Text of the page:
i first wrote about christian hosoi when i was newly married.
i was associate editor of a small newspaper, living with trent in a tiny bunaglow in the city with an apple tree in the backyard and a loft in which i painted and i was deep in the relapse of anorexia. at work, i sat in a swivel chair drinking nine cups of coffee and shivering because i could never get warm.
and all i wanted was to be full.
and i wrote about hosoi. how he was a phenomenal skateboarder who became rich at a young age and began smoking weed younger still.
his dad taught him how to roll his first joint at age eight, and he flew high as a kite for the next two decades, calling himself Christ and becoming a rock-star of skateboarding until he crashed hard into crystal meth. and meth became his God and landed him in jail, and it’s in prison that he owned up to his name and became a Christian.
and i was flying high on anorexia and both Christian and i thought by doing something hard enough, fast enough, we’d find it. fulfillment.
but we don’t find God. God finds us. we just need to stop running so he can.
and it’s hard to stand still in a world that spins. but listen to what hosoi says (in a book i’m giving away today): “i won everything i set out to win, had every girl i ever wanted, had friends and businesses and great parties, and all the money i could spend, and i still wasn’t satisfied.”
the day i began to eat again, i stopped starving the spirit out of my life. when i swallowed peanut butter and steak and honey on rye it was like swallowing God himself, because the most physical act, if consecrated, can become spiritual.
like biking to work, when you could drive. like hugging your child when you want to drink your coffee. like sitting on the back steps and watching the sunrise in your pajamas. like making homemade bread.
these things take time. the world says time is money. so, to offer that back to God? priceless.
sometimes i think we try to earn God. we try to be the best mom or the best skateboarder or the best preacher or the best soccer coach, but we can’t earn what grace has bought.
and all God wants is to walk with us. like he did in heaven.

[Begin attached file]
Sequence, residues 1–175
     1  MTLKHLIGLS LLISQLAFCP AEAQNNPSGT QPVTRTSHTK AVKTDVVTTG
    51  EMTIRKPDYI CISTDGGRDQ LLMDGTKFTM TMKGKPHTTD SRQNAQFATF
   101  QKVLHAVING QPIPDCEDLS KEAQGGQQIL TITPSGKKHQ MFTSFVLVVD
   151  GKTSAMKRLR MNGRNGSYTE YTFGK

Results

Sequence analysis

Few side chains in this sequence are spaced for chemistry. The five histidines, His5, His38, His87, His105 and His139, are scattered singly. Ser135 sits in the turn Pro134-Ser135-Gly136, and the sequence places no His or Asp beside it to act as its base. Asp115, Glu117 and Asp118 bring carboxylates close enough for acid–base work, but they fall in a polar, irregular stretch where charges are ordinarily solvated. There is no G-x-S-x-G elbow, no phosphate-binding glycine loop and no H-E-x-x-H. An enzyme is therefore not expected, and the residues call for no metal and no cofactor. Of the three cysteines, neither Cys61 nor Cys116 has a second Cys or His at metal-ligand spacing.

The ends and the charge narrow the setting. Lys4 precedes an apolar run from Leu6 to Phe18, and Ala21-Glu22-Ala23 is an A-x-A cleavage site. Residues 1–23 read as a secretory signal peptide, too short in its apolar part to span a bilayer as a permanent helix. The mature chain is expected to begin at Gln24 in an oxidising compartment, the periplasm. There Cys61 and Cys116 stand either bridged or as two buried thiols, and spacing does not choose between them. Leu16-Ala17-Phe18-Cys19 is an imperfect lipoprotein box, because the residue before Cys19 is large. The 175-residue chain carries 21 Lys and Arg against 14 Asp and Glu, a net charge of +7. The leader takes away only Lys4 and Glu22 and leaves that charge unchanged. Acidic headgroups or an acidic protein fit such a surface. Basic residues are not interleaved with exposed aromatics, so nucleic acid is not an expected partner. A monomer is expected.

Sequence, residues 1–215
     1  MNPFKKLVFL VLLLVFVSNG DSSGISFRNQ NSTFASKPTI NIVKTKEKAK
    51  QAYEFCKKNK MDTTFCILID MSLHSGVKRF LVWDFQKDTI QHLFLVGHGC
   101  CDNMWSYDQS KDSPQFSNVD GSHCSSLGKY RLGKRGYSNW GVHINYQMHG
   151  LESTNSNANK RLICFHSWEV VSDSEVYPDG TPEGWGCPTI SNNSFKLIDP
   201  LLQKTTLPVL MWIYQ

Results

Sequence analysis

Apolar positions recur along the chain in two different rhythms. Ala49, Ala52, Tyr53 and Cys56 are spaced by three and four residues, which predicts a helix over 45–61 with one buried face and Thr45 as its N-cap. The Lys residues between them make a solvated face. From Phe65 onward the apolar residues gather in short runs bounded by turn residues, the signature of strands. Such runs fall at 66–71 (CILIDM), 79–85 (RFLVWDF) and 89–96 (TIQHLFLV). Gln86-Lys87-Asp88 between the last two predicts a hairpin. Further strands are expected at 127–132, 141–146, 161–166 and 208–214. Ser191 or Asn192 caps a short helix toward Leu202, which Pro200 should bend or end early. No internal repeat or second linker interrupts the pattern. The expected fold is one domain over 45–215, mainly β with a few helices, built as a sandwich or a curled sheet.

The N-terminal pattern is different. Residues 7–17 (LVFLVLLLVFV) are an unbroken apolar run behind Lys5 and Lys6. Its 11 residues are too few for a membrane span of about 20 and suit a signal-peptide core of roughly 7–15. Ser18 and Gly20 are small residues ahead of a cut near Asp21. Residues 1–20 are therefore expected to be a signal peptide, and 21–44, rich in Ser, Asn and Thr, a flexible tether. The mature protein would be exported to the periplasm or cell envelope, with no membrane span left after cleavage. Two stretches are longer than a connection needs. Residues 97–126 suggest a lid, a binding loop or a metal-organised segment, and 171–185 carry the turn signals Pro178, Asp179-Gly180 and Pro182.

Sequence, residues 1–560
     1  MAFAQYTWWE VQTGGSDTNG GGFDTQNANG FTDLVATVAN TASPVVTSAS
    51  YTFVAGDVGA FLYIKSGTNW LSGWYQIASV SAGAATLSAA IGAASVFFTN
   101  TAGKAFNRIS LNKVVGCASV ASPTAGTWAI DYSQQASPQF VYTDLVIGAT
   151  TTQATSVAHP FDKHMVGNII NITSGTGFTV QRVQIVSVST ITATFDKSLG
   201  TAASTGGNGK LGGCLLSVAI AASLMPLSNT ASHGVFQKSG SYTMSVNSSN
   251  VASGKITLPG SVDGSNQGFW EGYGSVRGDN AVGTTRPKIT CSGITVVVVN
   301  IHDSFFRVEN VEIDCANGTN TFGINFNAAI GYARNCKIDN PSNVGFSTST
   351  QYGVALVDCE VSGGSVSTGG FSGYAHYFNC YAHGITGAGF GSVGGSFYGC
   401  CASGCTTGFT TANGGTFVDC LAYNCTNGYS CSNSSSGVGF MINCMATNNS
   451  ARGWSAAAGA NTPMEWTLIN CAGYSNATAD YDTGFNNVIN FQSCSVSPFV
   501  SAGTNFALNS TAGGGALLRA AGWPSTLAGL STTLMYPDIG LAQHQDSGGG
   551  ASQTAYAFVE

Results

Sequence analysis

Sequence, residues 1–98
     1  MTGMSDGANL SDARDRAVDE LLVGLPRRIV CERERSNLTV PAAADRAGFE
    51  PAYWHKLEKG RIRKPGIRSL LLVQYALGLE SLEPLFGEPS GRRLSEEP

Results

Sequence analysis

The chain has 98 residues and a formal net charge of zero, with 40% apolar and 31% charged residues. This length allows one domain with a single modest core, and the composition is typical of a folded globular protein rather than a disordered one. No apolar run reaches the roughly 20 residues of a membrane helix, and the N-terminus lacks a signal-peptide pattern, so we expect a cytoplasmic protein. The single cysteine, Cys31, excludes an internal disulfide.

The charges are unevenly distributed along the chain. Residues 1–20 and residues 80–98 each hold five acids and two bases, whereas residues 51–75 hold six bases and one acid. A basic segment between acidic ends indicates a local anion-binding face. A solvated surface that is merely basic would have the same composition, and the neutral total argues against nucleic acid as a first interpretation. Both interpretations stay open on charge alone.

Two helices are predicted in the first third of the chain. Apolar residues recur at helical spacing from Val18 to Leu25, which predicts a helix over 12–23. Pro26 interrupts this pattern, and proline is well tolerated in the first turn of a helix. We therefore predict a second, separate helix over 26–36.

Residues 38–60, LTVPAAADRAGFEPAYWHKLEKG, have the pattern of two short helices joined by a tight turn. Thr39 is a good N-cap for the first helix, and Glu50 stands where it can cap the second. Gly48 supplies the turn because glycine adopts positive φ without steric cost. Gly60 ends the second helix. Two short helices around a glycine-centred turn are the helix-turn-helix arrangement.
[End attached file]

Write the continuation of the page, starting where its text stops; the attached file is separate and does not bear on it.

(want this book? let me know what success means to you, in the comments below. and don’t forget to link up! xo)
“a rabbi once asked a prominent member of his congregation, ‘whenever I see you, you’re always in a hurry. tell me, where are you running all the time?’
the man answered, ‘i’m running after success, i’m running after fulfillment, i’m running after the reward for all my hard work.’
the rabbi responded, ‘that’s a good answer if you assume that all those blessings are somewhere ahead of you, trying to elude you, and if you run fast enough, you may catch up with them. but isn’t it possible that those blessings are behind you, that they are looking for you, and the more you run, the harder you make it for them to find you?’”
~rabbi harold s. kushner’s story (from ‘when all you’ve ever wanted isn’t enough)
~we love that you’re here. the goal of this online space is to create a broken church of sorts, a kind of community that celebrates each other’s stories. with this in mind, would you consider commenting on at least ONE OTHER PERSON’S post after linking up today? thank you so much. e.~
1. link up a post (old or new) that you feel is ‘broken’ or ‘imperfect’ or somehow redemptive
2. put the ‘imperfect prose’ button at the bottom of your post so others can find their way back here (see button code in right-hand column of my blog)
3. read other’s prose, and encourage them!
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*painting by emily wierenga; prints available at etsy shop here